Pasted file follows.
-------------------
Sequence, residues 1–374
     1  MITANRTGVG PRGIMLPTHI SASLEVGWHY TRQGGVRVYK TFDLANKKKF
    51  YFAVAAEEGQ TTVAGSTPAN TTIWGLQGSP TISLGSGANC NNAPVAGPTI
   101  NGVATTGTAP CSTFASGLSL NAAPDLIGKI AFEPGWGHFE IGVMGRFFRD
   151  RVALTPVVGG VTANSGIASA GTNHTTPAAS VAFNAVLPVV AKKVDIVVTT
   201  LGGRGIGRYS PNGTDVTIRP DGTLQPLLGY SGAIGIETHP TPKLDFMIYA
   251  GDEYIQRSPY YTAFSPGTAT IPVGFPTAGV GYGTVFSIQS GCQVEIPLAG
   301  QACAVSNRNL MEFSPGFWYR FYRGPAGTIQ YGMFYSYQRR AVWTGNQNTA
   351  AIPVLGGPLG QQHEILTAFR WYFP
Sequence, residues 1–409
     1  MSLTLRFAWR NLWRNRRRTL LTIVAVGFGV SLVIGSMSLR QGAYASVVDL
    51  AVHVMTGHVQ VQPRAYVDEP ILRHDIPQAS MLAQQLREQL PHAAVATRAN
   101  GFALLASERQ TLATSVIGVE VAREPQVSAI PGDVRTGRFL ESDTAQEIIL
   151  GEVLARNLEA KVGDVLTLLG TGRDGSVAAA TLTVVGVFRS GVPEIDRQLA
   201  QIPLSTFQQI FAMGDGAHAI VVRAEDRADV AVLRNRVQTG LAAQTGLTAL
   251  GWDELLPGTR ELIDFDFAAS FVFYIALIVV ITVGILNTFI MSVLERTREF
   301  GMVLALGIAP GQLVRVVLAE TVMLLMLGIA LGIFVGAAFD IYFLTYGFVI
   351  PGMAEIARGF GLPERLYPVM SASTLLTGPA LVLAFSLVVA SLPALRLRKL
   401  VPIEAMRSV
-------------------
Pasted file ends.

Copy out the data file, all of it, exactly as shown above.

Sequence, residues 1–374
     1  MITANRTGVG PRGIMLPTHI SASLEVGWHY TRQGGVRVYK TFDLANKKKF
    51  YFAVAAEEGQ TTVAGSTPAN TTIWGLQGSP TISLGSGANC NNAPVAGPTI
   101  NGVATTGTAP CSTFASGLSL NAAPDLIGKI AFEPGWGHFE IGVMGRFFRD
   151  RVALTPVVGG VTANSGIASA GTNHTTPAAS VAFNAVLPVV AKKVDIVVTT
   201  LGGRGIGRYS PNGTDVTIRP DGTLQPLLGY SGAIGIETHP TPKLDFMIYA
   251  GDEYIQRSPY YTAFSPGTAT IPVGFPTAGV GYGTVFSIQS GCQVEIPLAG
   301  QACAVSNRNL MEFSPGFWYR FYRGPAGTIQ YGMFYSYQRR AVWTGNQNTA
   351  AIPVLGGPLG QQHEILTAFR WYFP
Sequence, residues 1–409
     1  MSLTLRFAWR NLWRNRRRTL LTIVAVGFGV SLVIGSMSLR QGAYASVVDL
    51  AVHVMTGHVQ VQPRAYVDEP ILRHDIPQAS MLAQQLREQL PHAAVATRAN
   101  GFALLASERQ TLATSVIGVE VAREPQVSAI PGDVRTGRFL ESDTAQEIIL
   151  GEVLARNLEA KVGDVLTLLG TGRDGSVAAA TLTVVGVFRS GVPEIDRQLA
   201  QIPLSTFQQI FAMGDGAHAI VVRAEDRADV AVLRNRVQTG LAAQTGLTAL
   251  GWDELLPGTR ELIDFDFAAS FVFYIALIVV ITVGILNTFI MSVLERTREF
   301  GMVLALGIAP GQLVRVVLAE TVMLLMLGIA LGIFVGAAFD IYFLTYGFVI
   351  PGMAEIARGF GLPERLYPVM SASTLLTGPA LVLAFSLVVA SLPALRLRKL
   401  VPIEAMRSV